On Thursday, February 23, UCSB Arts & lectures presents a lecture titled Cancer and the Gene: Past, Present and Future by Pulitzer Prize-winning author and oncologist Siddhartha Mukherjee, M.D., Ph.d., at 7:30 p.m. at UCSB Campbell Hall.
Boston Globe proclaims, “Mukherjee [has] a rightful place alongside Carl Sagan, Stephen Jay Gould, and Stephen Hawking in the pantheon of our epoch’s great explicators.”
Anthony Doerr, author of All the Light We Cannot See, says of Mukherjee’s lecture, “This is perhaps the best detective story ever told – a millennia-long search, led by a thousand explorers for the question marks at the center of every living cell.”
Mukherjee’s latest book, The Gene: An Intimate History, debuting at No. 1 on The New York Times bestseller list, discloses the biography of the gene as brilliant and enlightening as his biography of cancer and an answer to the question of the future: What becomes of being human when we learn to read and write our own genetic information? Incorporating his own family history of mental illness into his narrative, he evokes questions that surround our ability to convert the genetics form the laboratory to the real world. Describing centuries of research and experimentation, from Aristotle and Pythagoras through the 21st century innovators who mapped the human genome, this book is a must-read for anybody concerned about the definition and future of humanity.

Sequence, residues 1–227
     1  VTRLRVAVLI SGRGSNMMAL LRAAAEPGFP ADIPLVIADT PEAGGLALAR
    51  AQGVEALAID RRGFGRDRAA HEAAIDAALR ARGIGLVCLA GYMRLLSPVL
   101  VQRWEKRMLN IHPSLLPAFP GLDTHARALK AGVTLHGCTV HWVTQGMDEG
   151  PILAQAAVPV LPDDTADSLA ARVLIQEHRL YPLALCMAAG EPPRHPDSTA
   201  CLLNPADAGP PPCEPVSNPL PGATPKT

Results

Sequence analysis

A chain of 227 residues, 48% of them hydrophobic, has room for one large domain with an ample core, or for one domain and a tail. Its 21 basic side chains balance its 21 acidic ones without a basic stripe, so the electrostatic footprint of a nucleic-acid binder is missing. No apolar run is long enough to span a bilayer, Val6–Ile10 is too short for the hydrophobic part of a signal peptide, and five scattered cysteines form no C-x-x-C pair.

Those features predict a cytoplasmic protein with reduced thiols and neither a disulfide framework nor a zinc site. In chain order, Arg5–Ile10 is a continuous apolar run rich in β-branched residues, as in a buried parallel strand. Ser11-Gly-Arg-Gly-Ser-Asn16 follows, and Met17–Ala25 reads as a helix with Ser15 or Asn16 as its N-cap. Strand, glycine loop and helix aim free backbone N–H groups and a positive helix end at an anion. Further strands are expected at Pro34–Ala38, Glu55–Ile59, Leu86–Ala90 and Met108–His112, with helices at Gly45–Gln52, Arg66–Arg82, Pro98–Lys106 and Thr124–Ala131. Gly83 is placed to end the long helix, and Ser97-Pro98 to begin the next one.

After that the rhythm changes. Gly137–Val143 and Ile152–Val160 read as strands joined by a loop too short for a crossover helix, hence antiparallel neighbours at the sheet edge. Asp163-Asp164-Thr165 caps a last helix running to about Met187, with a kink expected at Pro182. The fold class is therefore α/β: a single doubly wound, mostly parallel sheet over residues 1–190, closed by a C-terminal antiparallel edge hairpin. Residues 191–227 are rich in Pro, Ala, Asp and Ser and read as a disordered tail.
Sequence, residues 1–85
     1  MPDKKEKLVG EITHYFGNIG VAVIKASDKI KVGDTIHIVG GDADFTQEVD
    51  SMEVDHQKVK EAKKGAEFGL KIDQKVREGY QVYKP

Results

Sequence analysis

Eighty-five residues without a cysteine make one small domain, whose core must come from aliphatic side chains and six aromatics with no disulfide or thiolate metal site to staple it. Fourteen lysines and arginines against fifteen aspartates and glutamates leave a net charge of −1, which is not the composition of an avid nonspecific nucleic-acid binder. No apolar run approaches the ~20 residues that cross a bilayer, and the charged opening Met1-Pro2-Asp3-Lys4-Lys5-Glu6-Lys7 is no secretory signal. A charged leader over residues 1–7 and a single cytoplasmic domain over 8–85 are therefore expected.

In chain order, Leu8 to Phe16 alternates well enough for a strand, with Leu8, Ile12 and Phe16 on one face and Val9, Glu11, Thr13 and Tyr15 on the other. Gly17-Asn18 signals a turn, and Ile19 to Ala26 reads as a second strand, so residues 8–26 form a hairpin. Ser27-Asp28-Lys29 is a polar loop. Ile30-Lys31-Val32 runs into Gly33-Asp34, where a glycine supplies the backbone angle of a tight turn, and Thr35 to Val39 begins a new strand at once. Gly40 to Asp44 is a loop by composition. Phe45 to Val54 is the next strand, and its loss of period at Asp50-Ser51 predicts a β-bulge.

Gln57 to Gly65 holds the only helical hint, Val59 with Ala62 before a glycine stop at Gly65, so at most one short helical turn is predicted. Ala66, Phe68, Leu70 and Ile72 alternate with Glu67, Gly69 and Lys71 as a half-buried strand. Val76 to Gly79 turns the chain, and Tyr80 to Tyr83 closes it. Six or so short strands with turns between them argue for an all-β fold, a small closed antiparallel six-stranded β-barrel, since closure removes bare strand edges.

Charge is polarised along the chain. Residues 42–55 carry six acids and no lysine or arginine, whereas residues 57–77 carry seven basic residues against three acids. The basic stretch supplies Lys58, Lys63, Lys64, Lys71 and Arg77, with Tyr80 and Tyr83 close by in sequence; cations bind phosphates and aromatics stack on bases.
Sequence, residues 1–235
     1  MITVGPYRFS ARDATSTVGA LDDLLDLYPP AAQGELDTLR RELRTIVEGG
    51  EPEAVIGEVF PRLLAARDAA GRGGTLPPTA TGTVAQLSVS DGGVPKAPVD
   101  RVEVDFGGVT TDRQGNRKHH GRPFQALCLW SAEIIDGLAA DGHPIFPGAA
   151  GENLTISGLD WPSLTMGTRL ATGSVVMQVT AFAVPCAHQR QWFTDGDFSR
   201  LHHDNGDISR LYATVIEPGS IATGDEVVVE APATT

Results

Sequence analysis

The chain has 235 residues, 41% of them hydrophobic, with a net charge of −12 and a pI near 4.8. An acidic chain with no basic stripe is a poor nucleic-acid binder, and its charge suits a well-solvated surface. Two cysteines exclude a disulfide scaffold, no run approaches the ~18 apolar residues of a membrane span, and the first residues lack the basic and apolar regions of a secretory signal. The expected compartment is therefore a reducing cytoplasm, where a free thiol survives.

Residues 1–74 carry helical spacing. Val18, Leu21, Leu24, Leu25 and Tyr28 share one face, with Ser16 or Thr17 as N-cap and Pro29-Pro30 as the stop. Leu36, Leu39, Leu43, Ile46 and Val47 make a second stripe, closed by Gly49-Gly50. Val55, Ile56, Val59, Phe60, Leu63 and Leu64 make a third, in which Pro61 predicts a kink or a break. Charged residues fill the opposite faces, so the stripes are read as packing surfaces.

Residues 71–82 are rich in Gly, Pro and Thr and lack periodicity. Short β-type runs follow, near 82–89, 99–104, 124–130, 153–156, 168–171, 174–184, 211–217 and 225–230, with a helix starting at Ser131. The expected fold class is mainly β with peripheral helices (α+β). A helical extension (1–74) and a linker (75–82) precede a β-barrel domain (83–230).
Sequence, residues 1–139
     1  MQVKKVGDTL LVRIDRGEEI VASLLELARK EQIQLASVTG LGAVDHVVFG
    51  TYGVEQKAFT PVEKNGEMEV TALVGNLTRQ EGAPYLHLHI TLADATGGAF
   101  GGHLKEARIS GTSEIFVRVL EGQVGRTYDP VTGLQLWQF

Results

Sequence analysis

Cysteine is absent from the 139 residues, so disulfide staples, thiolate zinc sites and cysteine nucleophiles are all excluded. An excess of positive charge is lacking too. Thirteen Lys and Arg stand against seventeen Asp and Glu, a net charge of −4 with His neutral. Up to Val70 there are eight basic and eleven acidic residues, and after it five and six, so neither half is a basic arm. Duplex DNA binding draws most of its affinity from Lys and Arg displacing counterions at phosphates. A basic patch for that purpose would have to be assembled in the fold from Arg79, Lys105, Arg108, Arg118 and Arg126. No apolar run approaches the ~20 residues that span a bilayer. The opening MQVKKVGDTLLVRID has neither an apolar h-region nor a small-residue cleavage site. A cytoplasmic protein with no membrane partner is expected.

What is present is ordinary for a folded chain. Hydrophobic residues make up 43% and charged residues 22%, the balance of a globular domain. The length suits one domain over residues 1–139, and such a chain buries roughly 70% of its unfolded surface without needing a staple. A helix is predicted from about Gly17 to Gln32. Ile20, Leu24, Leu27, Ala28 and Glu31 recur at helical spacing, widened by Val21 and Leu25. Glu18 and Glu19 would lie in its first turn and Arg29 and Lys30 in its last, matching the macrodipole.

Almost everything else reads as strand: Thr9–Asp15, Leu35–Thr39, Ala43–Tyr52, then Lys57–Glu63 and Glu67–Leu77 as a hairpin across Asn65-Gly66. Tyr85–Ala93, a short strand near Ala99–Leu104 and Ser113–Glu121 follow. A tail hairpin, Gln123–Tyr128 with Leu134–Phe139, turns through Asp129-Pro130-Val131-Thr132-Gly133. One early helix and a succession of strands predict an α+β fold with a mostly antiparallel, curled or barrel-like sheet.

Mukherjee’s preceding book, The Emperor of All Maladies: A Biography of Cancer, was named one of the 100 most influential books written in the English language since 1923 by Time magazine and is a captivating view into the origins and causes of cancer. The New Yorker says of Mukherjee’s first book, “It’s hard to think of many books for a general audience that have rendered any area of modern science and technology with such intelligence, accessibility and compassion…An extraordinary achievement.” Winning him a Pulitzer Prize and many other literary awards, this novel was written over ten years and was made into a PBS documentary by Ken Burns. It spans from the first known source of cancer on an Egyptian scroll to the present-day battles to overcome it, touching on the intelligence, persistence and fortuitous discoveries that made scientific history and leading to a revolutionary understanding of cancer’s nature.
A leading cancer physician and researcher, Mukherjee graduated from Stanford University, University of Oxford as a Rhodes Scholar and Harvard Medical School. He was a Fellow at the Dana Farber Cancer Institute and an attending physician at Massachusetts General Hospital and Harvard Medical School, with published articles in Nature, New England Journal of Medicine, Neuron, Journal of Clinical Investigation, The New York Times and The New Republic. Currently, he is an assistant professor of medicine at Columbia University and a cancer physician at the CU/NYU Presbyterian Hospital.
During his lecture, Mukherjee will combine material from both books and inspect the past and future suggestions of cancer and of the gene with both a biologist’s accuracy and a historian’s point of view. Guests will be touched by Mukherjee’s review about his own maturity as a physician, most notably his caring and compassionate consideration of his patients as they fight through poisonous and exhausting procedures to battle a relentless illness that fully encircles their lives.
For tickets and more information, call 805/893-3535 or visit www.ArtsAndLectures.UCSB.edu.